Europe's debt woes escalated yesterday as Ireland's credit rating was cut to junk status, and the crisis threatened to engulf its biggest victim yet in Italy. Moody's Investors Service cut Ireland's ratings by one notch to Ba1 from Baa3 and kept a negative outlook.
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It added that there was a danger that the country will need more bailout aid in late 2013 when the current European Union-International Monetary Fund support program ends.
Italy and Spain both insisted last night that their economies, and with them the future of the euro, were secure from the debt crisis that has already floored Greece.
Speculators have stepped up attacks on the two southern European economies – the third and fourth largest in the eurozone. In both countries borrowing costs soared, while stock markets and the euro fell back – despite pledges from finance ministers that Italy and Spain were committed to slashing their debt levels.
The developments came as Greece, which for more than a year has been swamped by a growing sovereign debt crisis, rejected a rescue deal proposed at an emergency EU finance ministers' meeting in Brussels that involved a partial default on repayments. The plan had won support among several countries, as well as from Christine Lagarde, the new IMF chief.
After attending the meeting in Brussels, Italy's Finance Minister Giulio Tremonti told reporters he was "leaving to wrap up the Italian consolidation package", which pledges to cut spending by €47bn (£41.3bn) and wipe out Italy's deficit by 2014, by cutting local government grants, health spending and pensions. At almost 120 per cent to her national income, Italy's debt is second only to Greece relative to the size of her economy. In the UK, debt stands at about 60 per cent of income.
Italian premier Silvio Berlusconi said the country had "to be united and cohesive in the common interest".
The opposition has indicated it will work with the government to pass packages quickly to reassure markets. The German Finance Minister, Wolfgang Schauble, said Italy's austerity package was "ambitious" but he was confident it would be approved. He even sought to divert attention from the larger economies. "We have not spoken much about Italy, because we are convinced that the core of the crisis is Greece," he told reporters.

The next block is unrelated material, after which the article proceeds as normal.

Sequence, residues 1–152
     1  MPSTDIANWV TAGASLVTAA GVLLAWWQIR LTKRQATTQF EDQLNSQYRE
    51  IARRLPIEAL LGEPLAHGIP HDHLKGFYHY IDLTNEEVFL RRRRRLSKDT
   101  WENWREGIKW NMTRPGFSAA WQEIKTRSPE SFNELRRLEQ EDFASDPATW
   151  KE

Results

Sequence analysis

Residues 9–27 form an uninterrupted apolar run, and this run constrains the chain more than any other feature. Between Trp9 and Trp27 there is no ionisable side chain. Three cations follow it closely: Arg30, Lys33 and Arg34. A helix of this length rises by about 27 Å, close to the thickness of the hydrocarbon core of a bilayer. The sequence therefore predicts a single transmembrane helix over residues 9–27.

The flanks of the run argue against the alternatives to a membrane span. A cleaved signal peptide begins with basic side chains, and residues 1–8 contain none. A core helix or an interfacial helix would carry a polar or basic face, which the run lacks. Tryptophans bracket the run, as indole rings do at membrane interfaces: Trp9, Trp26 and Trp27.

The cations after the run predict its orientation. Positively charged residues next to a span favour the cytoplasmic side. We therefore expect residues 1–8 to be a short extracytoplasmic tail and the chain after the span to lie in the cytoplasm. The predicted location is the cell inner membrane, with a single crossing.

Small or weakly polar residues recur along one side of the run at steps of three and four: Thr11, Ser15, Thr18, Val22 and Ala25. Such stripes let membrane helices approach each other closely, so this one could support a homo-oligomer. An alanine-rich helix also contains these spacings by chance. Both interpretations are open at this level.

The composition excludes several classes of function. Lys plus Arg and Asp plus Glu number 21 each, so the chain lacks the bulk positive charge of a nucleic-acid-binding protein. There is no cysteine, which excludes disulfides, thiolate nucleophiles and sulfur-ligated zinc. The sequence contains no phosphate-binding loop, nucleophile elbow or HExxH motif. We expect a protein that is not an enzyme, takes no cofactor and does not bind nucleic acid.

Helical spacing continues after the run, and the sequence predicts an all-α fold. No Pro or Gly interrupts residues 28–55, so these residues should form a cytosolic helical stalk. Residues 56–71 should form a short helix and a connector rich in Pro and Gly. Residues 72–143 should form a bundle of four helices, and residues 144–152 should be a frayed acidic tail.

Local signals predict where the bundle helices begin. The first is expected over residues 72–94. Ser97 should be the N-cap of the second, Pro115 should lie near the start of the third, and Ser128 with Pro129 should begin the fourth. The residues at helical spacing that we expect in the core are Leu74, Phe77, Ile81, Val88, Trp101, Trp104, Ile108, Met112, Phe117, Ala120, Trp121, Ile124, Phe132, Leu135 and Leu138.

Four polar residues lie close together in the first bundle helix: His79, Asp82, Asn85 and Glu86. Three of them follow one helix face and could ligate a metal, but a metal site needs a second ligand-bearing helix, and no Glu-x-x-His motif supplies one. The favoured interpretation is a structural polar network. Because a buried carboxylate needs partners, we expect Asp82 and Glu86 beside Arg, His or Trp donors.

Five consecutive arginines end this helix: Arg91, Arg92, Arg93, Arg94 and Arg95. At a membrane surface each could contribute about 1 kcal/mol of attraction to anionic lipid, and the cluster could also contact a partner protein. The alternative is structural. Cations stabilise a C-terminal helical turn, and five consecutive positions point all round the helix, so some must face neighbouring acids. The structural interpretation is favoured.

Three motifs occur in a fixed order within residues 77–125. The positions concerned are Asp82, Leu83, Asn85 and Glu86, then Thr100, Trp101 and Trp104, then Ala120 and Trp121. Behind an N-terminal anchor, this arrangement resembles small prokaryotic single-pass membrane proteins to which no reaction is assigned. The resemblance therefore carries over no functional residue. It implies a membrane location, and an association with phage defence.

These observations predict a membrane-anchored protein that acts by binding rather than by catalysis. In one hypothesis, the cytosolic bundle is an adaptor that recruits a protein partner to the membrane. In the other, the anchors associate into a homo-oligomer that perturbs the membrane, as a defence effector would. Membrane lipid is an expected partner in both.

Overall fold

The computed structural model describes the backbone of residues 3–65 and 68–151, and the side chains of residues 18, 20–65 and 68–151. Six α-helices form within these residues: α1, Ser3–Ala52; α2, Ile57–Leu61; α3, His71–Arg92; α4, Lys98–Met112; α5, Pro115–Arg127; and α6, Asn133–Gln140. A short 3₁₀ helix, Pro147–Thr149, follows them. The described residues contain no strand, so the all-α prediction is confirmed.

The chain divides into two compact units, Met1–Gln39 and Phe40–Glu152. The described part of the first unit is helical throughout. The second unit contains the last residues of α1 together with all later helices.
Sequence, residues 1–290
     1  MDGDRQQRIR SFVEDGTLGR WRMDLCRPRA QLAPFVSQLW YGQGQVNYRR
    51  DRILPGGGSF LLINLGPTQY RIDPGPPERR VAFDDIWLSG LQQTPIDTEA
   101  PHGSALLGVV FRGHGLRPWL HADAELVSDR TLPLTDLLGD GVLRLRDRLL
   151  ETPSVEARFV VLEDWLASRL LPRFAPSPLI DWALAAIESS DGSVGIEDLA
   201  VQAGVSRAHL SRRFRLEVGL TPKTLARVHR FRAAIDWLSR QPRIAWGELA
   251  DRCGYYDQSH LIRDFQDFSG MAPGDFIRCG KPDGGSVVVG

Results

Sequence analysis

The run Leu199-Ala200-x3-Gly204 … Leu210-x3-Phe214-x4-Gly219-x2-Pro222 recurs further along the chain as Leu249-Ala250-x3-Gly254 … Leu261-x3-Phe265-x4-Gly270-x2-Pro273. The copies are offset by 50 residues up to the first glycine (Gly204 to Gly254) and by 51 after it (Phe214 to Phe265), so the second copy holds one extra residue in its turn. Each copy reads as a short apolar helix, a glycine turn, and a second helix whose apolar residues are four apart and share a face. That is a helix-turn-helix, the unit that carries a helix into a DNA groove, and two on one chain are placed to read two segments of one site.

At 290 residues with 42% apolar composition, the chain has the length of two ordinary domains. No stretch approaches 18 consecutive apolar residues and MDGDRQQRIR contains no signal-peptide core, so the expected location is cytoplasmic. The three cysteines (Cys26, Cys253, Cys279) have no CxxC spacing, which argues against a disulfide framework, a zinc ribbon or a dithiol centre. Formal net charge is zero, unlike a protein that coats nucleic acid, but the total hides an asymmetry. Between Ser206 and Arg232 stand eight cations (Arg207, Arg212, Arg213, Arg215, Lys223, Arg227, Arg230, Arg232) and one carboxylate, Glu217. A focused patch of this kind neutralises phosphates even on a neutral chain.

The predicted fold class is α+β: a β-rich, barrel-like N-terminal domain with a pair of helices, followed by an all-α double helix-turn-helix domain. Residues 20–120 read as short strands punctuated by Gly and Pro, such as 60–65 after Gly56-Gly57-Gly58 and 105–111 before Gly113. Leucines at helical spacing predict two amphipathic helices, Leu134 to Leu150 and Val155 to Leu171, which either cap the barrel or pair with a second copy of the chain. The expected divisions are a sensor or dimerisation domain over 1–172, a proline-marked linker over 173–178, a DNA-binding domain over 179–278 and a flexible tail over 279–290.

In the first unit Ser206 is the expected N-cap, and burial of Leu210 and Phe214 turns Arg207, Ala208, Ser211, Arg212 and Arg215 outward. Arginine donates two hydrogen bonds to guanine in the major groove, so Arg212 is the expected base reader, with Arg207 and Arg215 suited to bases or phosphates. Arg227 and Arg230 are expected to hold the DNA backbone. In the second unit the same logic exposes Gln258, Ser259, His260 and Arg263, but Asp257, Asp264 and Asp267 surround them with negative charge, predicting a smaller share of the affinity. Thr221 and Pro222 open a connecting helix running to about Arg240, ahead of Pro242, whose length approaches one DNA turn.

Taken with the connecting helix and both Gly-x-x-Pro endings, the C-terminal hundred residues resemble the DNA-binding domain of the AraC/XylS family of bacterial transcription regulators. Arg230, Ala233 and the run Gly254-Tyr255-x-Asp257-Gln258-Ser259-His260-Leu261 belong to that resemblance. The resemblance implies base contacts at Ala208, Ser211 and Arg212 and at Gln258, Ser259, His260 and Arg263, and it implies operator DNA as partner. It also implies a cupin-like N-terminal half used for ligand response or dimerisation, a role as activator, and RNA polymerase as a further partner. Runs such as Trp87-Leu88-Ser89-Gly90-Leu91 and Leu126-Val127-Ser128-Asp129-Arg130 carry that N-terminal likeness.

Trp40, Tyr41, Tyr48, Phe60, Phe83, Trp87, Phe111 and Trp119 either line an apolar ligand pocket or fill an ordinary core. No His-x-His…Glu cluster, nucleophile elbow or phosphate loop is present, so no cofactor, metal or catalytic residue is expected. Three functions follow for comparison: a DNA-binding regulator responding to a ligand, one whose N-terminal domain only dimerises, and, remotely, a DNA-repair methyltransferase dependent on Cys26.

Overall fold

Spanish Prime Minister José Luis Rodríguez Zapatero stressed the measures his government had taken to reduce debt levels and placate the markets. Spain has slashed public wages, frozen pensions, increased the retirement age and cut state subsidies.
It is aiming to reduce the eurozone's third-largest deficit to 6 per cent of GDP this year from 9.2 per cent in 2010. Mr Zapatero added that his Socialist government was ready to make further budget cuts if needed.
At one stage yesterday, however, both Spain's and Italy's 10-year bond yields surged past 6 per cent – meaning the interest rates for each country on its debt are twice as high as those of Germany. They are approaching the unaffordable levels that could trigger talk of default and sovereign debt crisis. Despite this, Spain's Finance Minister Elena Salgado insisted that Italy and Spain had "strong economies" and there was no logic to them being affected by market instability.